Pessary falling out
If not fitted properly, the pessary might fall out of its place, especially when you are physically active.
Infection and inflammation
Using pessaries can increase the risk of vaginal or pelvic organ inflammation. Pessary use can also make you more susceptible to bacterial or yeast infections. Thus, they need to be cleaned or replaced regularly and vaginal washing may be recommended.
Interference with sexual activity
Some women may find the pessary interfering with sexual activity or causing discomfort during intercourse. This can be due to the size or shape of the pessary or its placement within the vagina.
It is important to consider the shape, size, and material of the pessary before you start using them, as a wrong choice can increase the risk of side effects. Your doctor can help you understand how to choose a pessary suitable for your needs.
Who Should Use Pessaries?
Pessaries are primarily used by women who have pelvic organ prolapse or bladder control issues. It can be a non-surgical treatment option for women who want to avoid surgery or who cannot undergo surgery due to other health conditions. Sometimes, doctors also advise using pessaries during pregnancy or the postpartum period to reduce the risk of developing pelvic organ prolapse or urinary incontinence.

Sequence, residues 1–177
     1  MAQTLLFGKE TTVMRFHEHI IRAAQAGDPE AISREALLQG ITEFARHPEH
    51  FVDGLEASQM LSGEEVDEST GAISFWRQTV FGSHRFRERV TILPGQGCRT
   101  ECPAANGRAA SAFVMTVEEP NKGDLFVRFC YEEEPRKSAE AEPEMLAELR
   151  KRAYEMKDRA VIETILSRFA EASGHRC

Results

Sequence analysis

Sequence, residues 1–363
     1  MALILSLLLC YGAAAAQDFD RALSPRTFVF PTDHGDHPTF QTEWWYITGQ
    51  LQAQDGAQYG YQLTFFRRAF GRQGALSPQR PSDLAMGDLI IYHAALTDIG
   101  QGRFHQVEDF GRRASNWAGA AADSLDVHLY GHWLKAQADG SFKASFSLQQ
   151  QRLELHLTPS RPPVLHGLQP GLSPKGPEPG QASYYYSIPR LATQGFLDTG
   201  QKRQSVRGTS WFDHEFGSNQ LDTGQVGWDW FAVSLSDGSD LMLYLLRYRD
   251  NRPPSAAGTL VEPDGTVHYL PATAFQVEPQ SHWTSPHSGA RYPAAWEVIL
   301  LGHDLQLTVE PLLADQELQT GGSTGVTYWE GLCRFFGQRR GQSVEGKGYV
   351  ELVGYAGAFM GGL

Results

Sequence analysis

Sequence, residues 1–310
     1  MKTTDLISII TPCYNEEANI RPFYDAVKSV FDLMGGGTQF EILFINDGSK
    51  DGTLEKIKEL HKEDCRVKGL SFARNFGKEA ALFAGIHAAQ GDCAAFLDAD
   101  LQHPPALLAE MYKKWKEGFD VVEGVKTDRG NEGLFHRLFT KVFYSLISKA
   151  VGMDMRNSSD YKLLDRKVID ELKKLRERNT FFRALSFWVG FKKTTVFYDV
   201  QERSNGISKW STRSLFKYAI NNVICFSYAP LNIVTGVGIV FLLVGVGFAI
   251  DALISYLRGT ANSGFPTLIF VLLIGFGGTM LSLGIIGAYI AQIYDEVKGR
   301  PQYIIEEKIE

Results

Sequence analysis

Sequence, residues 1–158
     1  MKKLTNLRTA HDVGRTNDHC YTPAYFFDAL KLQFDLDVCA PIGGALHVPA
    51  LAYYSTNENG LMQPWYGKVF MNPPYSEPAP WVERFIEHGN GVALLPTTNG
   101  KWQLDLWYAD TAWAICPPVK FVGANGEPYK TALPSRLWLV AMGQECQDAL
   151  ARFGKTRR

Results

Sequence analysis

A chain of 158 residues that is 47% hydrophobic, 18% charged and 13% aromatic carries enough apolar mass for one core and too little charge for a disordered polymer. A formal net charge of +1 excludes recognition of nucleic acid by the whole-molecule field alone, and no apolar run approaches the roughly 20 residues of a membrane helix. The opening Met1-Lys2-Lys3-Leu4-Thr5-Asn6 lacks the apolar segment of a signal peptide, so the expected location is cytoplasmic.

Benefits of using FemiCushion compared to pessary
FemiCushion is a non-invasive device specifically designed to conform to the anatomy of a woman’s body for prolapse support and relief. It features a soft and flexible cushion that makes it less likely to cause discomfort or irritation. Unlike a pessary, FemiCushion is not inserted into the body making it very safe to use with minimal side effects. Each kit offers different sized cushions allowing you to choose the one that best fits your body and specific condition.